Shanghai’s Deal Sweetener Sparks Montage Rally in U.S.

Montage Technology Group Ltd. (MONT) rose the most in three months in the U.S. and trading in the stock surged as the Chinese semiconductor maker agreed to an increased buyout offer made by a Shanghai government-run company.

Montage rose 8.6 percent to $21.49 in New York yesterday. Trading volume jumped to 5.7 million shares, more than 13 times the average of the past three months. The stock has gained 115 percent since its U.S. debut in September.

The chipmaker said its board of directors approved Shanghai Pudong Science and Technology Investment Co.’s buyout offer of $22.60 per share. The city government-run investment management firm had offered $21.50 in March, after Gravity Research claimed in a Feb. 6 report that Montage is overstating its revenue and probably isn’t profitable. Montage has denied the allegations and said it doesn’t expect to amend its previously reported financial results.

“Today’s raised offer reassures investors that the deal is going to close, this is a legit company and Shanghai Pudong is definitely serious about acquiring it,” Jay Srivatsa, a New York-based analyst with Chardan Capital Markets, said by phone. “I always thought the offer was too low and there would be a higher offer.”

Srivatsa cut the stock to neutral from buy after the rally because a higher offer than the current one is unlikely.

Global Growth

Montage reported first-quarter net income that more than doubled to $7.8 million from the same period last year on sales that rose 77 percent to $35.6 million, according to data compiled by Bloomberg. Gravity Research didn’t respond to an e-mail seeking comment yesterday.

Other Chinese stocks fell in U.S. trading, part of the declines across all equity markets that were triggered by the World Bank’s reduction of its global economic growth outlook. The Bloomberg China-US Equity Index (HSCEI) slid 0.2 percent to 103.73. The gauge traded at 17 times projected 12-month earnings June 10, the highest multiple since May 2012.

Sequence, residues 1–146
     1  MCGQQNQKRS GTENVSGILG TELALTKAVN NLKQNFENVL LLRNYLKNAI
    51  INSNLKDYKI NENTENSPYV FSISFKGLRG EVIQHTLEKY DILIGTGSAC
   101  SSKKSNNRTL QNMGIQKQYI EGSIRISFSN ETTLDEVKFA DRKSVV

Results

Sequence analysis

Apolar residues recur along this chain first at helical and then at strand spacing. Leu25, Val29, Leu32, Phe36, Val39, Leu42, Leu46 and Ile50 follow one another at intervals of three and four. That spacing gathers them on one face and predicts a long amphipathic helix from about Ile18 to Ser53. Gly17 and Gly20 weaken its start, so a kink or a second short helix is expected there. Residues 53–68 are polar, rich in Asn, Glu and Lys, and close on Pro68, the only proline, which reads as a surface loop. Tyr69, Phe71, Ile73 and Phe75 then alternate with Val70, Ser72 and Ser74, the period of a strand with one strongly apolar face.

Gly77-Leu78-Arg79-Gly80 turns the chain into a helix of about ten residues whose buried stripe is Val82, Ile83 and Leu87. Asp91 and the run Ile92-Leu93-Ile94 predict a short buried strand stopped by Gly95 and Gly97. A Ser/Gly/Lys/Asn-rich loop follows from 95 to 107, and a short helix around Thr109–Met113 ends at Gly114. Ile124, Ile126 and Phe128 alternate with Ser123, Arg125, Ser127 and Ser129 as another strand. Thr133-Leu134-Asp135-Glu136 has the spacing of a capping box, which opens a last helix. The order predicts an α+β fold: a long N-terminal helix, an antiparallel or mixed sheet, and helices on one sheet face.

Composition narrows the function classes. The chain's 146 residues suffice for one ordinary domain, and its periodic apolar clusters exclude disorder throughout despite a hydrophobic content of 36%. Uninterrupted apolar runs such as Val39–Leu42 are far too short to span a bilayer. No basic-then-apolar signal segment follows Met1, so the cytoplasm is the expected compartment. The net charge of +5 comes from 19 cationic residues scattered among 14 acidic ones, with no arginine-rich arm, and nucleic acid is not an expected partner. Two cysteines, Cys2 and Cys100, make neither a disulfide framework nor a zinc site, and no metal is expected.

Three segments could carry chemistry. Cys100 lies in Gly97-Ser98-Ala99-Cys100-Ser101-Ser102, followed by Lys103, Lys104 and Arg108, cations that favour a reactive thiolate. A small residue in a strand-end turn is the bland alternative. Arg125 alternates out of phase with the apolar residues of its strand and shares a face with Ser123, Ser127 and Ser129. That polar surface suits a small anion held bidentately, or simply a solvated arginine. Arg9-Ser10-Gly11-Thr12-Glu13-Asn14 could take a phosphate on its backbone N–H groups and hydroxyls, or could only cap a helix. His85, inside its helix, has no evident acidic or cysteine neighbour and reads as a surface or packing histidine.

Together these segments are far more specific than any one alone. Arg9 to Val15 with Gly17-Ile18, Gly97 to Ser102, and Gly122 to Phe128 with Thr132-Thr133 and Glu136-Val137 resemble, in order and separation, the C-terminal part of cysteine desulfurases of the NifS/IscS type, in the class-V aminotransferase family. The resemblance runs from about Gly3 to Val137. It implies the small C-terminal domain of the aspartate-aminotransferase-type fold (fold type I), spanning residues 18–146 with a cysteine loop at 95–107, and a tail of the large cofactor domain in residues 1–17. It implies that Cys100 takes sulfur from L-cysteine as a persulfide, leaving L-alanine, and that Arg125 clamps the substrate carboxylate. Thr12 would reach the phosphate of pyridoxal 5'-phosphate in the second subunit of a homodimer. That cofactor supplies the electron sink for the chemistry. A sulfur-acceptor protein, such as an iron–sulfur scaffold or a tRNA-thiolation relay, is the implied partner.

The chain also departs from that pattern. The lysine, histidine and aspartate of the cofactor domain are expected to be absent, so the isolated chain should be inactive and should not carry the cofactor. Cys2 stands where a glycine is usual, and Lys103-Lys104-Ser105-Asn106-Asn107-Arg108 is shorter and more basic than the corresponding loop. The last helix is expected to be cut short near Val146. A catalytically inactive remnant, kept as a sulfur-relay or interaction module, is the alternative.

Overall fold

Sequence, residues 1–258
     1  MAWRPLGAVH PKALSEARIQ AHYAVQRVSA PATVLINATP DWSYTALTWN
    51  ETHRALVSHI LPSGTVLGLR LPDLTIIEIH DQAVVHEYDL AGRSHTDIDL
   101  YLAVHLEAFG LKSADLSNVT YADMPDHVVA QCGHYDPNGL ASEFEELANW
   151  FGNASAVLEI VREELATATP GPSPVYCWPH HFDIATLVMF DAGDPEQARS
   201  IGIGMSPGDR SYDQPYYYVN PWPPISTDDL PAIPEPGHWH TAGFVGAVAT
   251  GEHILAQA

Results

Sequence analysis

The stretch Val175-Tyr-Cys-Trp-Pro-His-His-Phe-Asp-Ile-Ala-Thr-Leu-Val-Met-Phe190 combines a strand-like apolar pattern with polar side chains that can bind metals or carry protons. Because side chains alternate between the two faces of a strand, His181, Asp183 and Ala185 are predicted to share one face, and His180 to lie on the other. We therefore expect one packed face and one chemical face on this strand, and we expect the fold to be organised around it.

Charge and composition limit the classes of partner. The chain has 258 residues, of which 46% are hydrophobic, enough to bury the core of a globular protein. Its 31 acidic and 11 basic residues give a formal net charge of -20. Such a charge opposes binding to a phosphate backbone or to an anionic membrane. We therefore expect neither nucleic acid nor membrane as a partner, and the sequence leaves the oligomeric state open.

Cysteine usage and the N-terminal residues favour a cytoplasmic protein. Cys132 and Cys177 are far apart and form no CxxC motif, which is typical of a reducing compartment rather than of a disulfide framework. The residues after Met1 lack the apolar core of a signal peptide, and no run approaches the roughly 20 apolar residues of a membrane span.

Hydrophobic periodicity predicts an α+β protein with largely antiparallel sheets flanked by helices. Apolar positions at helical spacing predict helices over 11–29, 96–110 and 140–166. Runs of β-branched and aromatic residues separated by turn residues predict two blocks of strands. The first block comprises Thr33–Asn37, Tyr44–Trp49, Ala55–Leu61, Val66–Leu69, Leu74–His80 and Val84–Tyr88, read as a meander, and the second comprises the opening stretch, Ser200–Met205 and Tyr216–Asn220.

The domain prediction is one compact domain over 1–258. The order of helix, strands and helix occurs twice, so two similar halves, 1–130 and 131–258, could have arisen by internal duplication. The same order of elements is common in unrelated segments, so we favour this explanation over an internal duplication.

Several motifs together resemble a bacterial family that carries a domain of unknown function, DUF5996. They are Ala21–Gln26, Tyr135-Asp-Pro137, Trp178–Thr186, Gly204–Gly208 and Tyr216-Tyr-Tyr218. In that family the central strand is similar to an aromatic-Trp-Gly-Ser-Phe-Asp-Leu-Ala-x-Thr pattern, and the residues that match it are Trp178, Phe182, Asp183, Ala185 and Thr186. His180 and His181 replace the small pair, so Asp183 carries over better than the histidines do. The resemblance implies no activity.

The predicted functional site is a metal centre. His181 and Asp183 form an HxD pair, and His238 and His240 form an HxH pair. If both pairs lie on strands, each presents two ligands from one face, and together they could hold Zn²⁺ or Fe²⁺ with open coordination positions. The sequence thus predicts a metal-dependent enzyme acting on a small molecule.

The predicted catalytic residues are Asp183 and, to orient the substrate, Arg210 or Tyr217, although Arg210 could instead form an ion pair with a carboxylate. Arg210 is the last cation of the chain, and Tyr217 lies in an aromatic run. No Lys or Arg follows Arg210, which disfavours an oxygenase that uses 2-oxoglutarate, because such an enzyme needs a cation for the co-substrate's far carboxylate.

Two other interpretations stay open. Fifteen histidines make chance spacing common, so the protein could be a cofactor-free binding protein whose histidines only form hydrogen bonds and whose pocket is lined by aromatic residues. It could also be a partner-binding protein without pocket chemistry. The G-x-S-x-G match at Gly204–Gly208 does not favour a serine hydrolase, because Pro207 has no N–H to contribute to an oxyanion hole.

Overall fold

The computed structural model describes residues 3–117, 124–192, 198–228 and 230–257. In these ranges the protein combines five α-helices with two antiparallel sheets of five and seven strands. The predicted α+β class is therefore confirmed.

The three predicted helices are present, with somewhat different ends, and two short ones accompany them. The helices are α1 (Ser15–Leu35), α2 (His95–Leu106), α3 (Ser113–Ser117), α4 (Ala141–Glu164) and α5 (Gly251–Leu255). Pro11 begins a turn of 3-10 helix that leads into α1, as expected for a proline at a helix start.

The iShares China Large-Cap ETF, the largest Chinese exchange-traded fund in the U.S., fell 0.4 percent to $37.62, declining for the first time this week.

The World Bank lowered its 2014 global growth forecast to 2.8 percent from 3.2 percent in a report dated June 10. The Washington-based lender cut its forecast for China’s gross domestic product expansion to 7.6 percent from 7.7 percent.

‘Too Optimistic’

“This doesn’t help the sentiment,” Mark Williams, chief Asia economist at Capital Economics in London, said by phone. “The World Bank is expecting growth to stabilize in China around the current level. It’s still too optimistic.”

China’s economy expanded 7.7 percent last year and in 2012, the weakest pace since 1999 in the aftermath of the Asian financial crisis and down from an average 10.6 percent in the previous decade. Growth may ease to 7.3 percent this year, according to the median estimate of economists surveyed by Bloomberg News.

Xinyuan Real Estate Co., a Beijing-based property developer, fell 5 percent to $4.17, sliding the most in two months. Vipshop Holdings Ltd. (VIPS), a Guangzhou-based online fashion retailer, slipped 3.3 percent from a record to $180.25.

The Hang Seng China Enterprises Index slipped 0.1 percent from a five-month high to 10,508.40. The Shanghai Composite Index (SHCOMP) added 0.1 percent to 2,054.95, extending its gain into a third day.

To contact the reporter on this story: Belinda Cao in New York at lcao4@bloomberg.net

To contact the editors responsible for this story: Nikolaj Gammeltoft at ngammeltoft@bloomberg.net Richard Richtmyer, David Papadopoulos

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